Last month The North Halifax Grammar School received the exciting news that its bid for a new sports hall has been successful.
This comes after many years of trying to secure funding, and is a much- needed expansion and enhancement of the school’s on-site sports facilities.
It is anticipated that this will, for the first time, fully do justice to the wide range of sporting activities provided in the curriculum, and the many teams and individuals who successfully represent the school at local and county level.
The multi-use sports hall will also feature a mini-gym and dance studio. A number of rooms will also be incorporated into the building to be used as classrooms during the school day, and available as conference/function rooms for use by the public at other times.
The £2.9m comes on top of other recent successful bids for extra government funding, amounting to a grand total of £6m.
This has enabled the school to improve its buildings in a number of ways, including the replacement of roofs and windows, which has had a massive practical and aesthetic impact.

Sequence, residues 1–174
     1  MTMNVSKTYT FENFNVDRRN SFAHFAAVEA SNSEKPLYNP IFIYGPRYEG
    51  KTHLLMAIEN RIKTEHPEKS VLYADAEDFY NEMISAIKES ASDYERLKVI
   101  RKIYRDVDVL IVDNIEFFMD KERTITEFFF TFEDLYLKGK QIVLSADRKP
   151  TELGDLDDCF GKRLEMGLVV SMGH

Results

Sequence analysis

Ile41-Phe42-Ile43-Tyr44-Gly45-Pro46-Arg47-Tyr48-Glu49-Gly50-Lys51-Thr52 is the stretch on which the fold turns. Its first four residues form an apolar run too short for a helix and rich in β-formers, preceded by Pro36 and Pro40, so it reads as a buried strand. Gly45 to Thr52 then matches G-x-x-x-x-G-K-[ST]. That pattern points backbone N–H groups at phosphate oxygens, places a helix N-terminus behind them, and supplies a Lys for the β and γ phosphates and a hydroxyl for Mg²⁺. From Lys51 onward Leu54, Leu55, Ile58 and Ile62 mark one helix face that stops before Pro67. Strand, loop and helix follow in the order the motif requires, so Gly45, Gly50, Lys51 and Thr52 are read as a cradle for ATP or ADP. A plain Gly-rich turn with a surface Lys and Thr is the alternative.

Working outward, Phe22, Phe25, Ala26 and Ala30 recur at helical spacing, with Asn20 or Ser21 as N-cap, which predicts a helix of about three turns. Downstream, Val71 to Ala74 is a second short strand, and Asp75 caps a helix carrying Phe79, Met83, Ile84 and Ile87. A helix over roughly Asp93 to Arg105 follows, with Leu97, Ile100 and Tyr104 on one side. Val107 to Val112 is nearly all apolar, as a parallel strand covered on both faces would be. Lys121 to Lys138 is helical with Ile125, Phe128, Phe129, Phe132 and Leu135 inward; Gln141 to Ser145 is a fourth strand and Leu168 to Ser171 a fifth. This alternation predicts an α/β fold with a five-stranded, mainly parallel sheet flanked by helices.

These developments put together constitute a very real transformation to the school site and are very timely as their completion will coincide with an increase to the school’s year seven intake in September 2017.
Taking on coast to coast
Twenty eight students from years nine and 10, along with five teachers, are taking on the challenge of cycling coast to coast following the Way of the Roses route.
The official route is 170 miles long, but a few extra miles will be required to find the groups camping accommodation each evening: as a result the route will total 182 miles.
The team from NHGS are taking five days to complete the 182 miles and have managed to secure a couple of nights free camping accommodation from some very generous organisations.
The route starts in Morecambe and ends in Bridlington. It goes through some beautiful parts of Lancashire and Yorkshire. There are some very hilly sections of the route and it passes through the picturesque Yorkshire Dales towns of Settle and Pateley Bridge.
The highest elevation point on the ride is Greenhow Hill just before the drop down into Pateley Bridge which tops out at about 1400ft. There are also quite a few short sharp and very steep climbs during the first half of the trip.
NHGS has a proud tradition of raising its own finances for resources, facilities and building development.
With the current state of education funding this is another example of students showing determination to and resourcefulness to support the school in a way that is going to take them on an exciting adventure.
If you would like to support the students on their ride and help the school raise funds you can donate by visiting http://uk.virginmoneygiving.com/nhgs